Tiffany did not want to change.
She was essentially born into the drug scene. Both parents were addicts, and her dad was a dealer. When they separated, Tiffany ended up with her mom, whose usage escalated from cocaine to crystal meth to heroin. “I remember being sad a lot as a child,” she says. “And hungry.” Tiffany’s own drug usage started at 11, and, like her mom, she kept moving on to harder and harder drugs, eventually getting addicted to heroin.
“Drugs didn’t change my life,” she says now. “They sculpted it.”
Tiffany had served three different jail sentences on drug charges since she was 18. Now 36, she had another chance. The drug court program sent her to a halfway house to make sure she stayed on the right track. She didn’t. Before long, she ran away and was arrested again. A probation officer decided to give Tiffany another chance, this time sending her to the Las Vegas Rescue Mission. Tiffany wasn’t having it.
“I thought, I’m just going to run again,” she says. “I was so consumed by my old behavior and my addictions. That was my mindset.”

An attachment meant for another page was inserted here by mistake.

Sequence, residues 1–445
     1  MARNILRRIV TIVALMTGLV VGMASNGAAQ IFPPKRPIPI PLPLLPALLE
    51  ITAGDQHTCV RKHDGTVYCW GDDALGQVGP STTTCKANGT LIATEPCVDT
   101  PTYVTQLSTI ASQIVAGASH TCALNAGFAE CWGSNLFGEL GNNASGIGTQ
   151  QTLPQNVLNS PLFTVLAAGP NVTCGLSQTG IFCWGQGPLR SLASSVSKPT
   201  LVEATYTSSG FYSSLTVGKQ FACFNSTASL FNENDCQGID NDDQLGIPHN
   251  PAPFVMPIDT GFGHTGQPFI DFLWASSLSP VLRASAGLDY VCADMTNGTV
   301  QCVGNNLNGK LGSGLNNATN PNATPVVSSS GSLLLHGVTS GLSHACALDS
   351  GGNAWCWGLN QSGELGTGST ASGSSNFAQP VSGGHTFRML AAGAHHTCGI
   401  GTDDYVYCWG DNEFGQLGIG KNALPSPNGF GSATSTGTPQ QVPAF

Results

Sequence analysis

But then a funny thing happened at the Mission gate: Love overwhelmed her. While her probation officer filled out paperwork, Tiffany, waiting just outside the entrance, was met by a wave of compassion. The pastor personally welcomed her. Staff members greeted her with a smile. Several guests came up and hugged her.
Before she knew it, “I had a change of mind. These people welcomed me with open arms. They were talking to me like I was human, like I mattered.” By the time she was settling into her room less than two hours later, she had changed. “I felt a big weight lifted off me. The obsession to use drugs, my old lifestyle, all had lifted. I realized, I’m not going to run. That was really awesome.”
Tiffany has had periods of sobriety over the years, but they never lasted long, and they were never prompted by any change of heart. “I was white-knuckling it,” she says. But not anymore. Tiffany says the Mission has not only helped her stay sober, but made her into a new person, one who wants sobriety and to make good choices. She credits those changes to the love and the people at the Mission.
“My history of drug addiction is kind of sad, but it also made me the person I am today,” Tiffany says. “Because I’m here and in recovery, I’ve learned a lot and I’m getting the tools that most people don’t get. And I can use these tools in my daily life, even as a quote-unquote ‘normal person.’ Right now, I’m feeling free, fully free, for the first time in my life. I’m learning to live in the moment, because that’s the most freeing.”
Thank you for everything you do to help people find new life this Easter season!